Motorcycle Accident Attorneys in Kansas City
If you or a loved one has been involved in a motorcycle accident, you know firsthand how devastating these crashes can be. Often, they leave accident victims with more serious injuries than a passenger vehicle crash and can sometimes even lead to death. Unsurprisingly, victims and their families can also be left with mounting expenses due to medical bills or lost income if they’re unable to work.
In cases like this, you need to work with a motorcycle accident attorney to pursue a personal injury claim against the at-fault party. For trusted legal help in both Kansas City, Missouri, Kansas City, Kansas, or Overland Park, call us at the Denning Law Firm, LLC, to schedule a consultation.
Steps to Take if You Were in a Motorcycle Accident
Before you consider filing a motorcycle accident claim, you’ll need to take a few basic steps first.
Seek Medical Help: By far, the most important step to take immediately following an accident like this is to see a doctor. This should be done even if you think your injuries are minor.
Document and Obtain Documents of Everything: The basis of any personal injury claim will be documentation and the sooner you start collecting this the better. This includes photos or videos of the crash scene, including photos of injuries or property damage, a copy of the police report, contact information for any witnesses who saw the crash happen, and all medical records, such as bills, diagnoses, and treatment recommendations.
Contact Insurance: Depending on which state the accident happened in, you may have to file an insurance claim with your own provider first or with the other driver’s insurance. Either way, starting an insurance claim is the first step of this process.
Hire a Personal Injury Attorney: After you’ve done this, you should find a reputable personal injury attorney who can guide you through your next steps and help you negotiate with the insurance adjuster. And, if you’re in the Kansas City area, it’s also a good idea to work with an attorney who is licensed to practice law in both Kansas and Missouri.
Missouri Motorcycle Laws
One of the best ways to prevent motorcycle accidents in the first place is to ensure you know all the applicable laws and have the required motorcycle equipment to keep you as safe as possible. In Missouri, the following laws apply to motorcycle riders:
Lane Splitting: Lane splitting (riding in between two lanes of traffic) is not explicitly prohibited in the state, although you may want to avoid this practice to increase safety.
Helmet laws: Missouri requires any driver under the age of 26 to wear a helmet when operating or riding on a motorcycle.
Passengers: A motorcycle passenger is allowed as long as they have a dedicated seat.
Equipment: All motorcycles are required to have one tail light, one headlight, and two rearview mirrors.
Kansas Motorcycle Laws
Lane Splitting: Lane splitting is illegal in Kansas; however, riders are allowed to ride two abreast in a single lane.
Helmet laws: Only riders under the age of 18 must wear a helmet while riding on a motorcycle. That said, all riders can help protect themselves by choosing to wear a helmet even though it’s not required by law.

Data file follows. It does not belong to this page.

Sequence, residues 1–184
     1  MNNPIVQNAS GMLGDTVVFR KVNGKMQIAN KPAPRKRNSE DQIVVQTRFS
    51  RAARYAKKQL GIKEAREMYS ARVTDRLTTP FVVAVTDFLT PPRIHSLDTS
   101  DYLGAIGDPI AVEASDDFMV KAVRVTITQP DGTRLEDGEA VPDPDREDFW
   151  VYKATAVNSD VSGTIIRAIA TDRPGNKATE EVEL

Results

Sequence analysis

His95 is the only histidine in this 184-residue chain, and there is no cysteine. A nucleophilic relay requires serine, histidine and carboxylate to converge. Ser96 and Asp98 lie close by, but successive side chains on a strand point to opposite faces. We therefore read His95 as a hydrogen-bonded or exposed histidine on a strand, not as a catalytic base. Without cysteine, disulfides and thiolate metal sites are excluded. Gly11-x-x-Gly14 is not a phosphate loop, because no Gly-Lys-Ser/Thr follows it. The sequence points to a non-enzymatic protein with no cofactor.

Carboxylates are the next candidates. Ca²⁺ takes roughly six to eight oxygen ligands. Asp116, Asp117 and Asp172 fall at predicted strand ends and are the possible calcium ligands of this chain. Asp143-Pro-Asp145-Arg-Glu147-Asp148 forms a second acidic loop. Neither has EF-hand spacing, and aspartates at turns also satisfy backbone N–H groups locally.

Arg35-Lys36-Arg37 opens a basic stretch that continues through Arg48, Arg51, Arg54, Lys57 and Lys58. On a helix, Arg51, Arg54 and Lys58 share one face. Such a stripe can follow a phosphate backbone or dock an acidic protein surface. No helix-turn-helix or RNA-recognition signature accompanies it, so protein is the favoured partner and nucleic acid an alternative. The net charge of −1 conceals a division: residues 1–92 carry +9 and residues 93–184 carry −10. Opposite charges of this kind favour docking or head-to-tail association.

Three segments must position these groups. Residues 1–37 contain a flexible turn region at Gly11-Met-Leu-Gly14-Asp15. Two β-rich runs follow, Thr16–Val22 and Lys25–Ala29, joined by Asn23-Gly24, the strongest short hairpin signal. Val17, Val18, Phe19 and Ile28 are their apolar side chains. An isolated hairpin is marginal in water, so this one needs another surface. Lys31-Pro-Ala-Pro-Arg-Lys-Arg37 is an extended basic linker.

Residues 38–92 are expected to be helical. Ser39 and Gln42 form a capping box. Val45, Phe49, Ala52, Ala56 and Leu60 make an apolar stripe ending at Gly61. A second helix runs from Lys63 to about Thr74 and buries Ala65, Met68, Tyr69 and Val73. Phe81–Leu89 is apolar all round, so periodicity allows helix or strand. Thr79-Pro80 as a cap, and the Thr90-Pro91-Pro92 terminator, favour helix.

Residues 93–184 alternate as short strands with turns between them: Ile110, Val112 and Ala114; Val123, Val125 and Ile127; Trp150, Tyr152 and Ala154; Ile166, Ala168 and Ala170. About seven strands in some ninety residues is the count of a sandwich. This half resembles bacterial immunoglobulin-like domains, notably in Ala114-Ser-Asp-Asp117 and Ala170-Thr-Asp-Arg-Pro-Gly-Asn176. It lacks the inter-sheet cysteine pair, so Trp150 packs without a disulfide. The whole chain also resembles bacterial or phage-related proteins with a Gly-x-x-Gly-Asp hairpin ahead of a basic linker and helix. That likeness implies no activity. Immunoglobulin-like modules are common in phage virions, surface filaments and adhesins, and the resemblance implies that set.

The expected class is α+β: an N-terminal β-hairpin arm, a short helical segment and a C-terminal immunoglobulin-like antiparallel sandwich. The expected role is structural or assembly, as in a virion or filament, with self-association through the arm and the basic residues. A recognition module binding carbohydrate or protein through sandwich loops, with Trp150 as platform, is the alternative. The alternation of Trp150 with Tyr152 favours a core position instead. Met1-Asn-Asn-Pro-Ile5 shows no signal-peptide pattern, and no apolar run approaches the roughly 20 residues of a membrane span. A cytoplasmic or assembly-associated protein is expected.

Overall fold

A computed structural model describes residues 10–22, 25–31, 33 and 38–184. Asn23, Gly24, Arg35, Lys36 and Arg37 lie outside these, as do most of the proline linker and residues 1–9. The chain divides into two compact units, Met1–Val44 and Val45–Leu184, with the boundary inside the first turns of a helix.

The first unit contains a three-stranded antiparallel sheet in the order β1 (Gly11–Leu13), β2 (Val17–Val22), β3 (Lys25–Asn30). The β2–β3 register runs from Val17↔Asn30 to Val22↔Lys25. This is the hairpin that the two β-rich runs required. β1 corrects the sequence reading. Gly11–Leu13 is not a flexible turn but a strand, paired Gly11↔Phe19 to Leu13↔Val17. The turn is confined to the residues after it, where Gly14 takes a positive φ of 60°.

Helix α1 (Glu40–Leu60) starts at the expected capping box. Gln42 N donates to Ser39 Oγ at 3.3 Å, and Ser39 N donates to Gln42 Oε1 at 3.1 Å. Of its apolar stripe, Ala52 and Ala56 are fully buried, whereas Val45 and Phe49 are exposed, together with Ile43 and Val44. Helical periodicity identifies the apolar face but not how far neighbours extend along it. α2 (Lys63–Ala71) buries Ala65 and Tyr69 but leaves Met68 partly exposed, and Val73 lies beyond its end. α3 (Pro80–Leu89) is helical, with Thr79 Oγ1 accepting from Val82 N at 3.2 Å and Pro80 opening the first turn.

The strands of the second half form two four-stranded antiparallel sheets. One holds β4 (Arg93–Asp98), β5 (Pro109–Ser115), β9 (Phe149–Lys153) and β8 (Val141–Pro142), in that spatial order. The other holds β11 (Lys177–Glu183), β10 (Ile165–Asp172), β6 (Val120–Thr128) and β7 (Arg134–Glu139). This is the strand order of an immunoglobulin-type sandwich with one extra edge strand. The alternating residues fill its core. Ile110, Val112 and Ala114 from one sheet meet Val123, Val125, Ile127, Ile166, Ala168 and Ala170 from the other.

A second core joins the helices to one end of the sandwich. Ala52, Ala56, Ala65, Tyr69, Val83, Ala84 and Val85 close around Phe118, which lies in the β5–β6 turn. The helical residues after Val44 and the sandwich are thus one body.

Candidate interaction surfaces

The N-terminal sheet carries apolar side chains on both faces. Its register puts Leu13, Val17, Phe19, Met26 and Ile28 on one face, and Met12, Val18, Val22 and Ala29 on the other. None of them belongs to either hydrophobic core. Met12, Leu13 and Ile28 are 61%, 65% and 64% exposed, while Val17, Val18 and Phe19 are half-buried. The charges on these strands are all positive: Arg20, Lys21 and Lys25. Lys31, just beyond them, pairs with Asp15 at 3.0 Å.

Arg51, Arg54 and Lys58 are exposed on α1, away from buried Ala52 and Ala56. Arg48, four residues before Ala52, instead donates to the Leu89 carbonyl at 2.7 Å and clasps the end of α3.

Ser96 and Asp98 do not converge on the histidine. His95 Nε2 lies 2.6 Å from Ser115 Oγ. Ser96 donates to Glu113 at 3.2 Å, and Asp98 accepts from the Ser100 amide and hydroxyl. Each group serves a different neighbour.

Passengers: Passengers are allowed as long as they have a designated seat with footrests.
Equipment: Even though helmets are not required, all riders are required to wear eye protection. Additionally, they must have a headlight, taillight, brake light, horn, and turn signals.
Determining Fault in Kansas and Missouri
One key difference between Kansas and Missouri is that Kansas is a “no-fault” state for insurance claims, while Missouri is an “at-fault” state. Essentially, this means that if you’re in an accident in Kansas, you first need to file a claim through your own insurance provider before you can file with the at-fault party. In Missouri, you’ll be able to file a claim with the other driver immediately.
Either way, when you have a claim against another driver, you’ll have to prove negligence which requires providing enough evidence to clearly show who was responsible for causing the accident and who will pay damages. Both states also follow a comparative negligence law, which means that fault can be shared between the two parties, but this too will look slightly different based on the state you’re in. In Missouri, you can seek damages no matter how much or little fault you hold; in Kansas, you can only pursue damages if you hold less than 50% of the fault.
Filing a Claim for a Loved One
When you need to file a motorcycle wrongful death claim, you’ll have to work with your attorney to prove the negligence of the opposing party. In most cases, an immediate family member such as a spouse, child, parent, or sibling can all file a claim on their loved one’s behalf.
Motorcycle Accident Attorneys Serving
Kansas City, Missouri
If you’re in the Kansas City, Missouri, or Kansas area and would like to speak with an experienced attorney about a motorcycle accident you were involved in, reach out to us at the Denning Law Firm, LLC today. We have the knowledge, resources, and compassion to walk you toward a brighter future.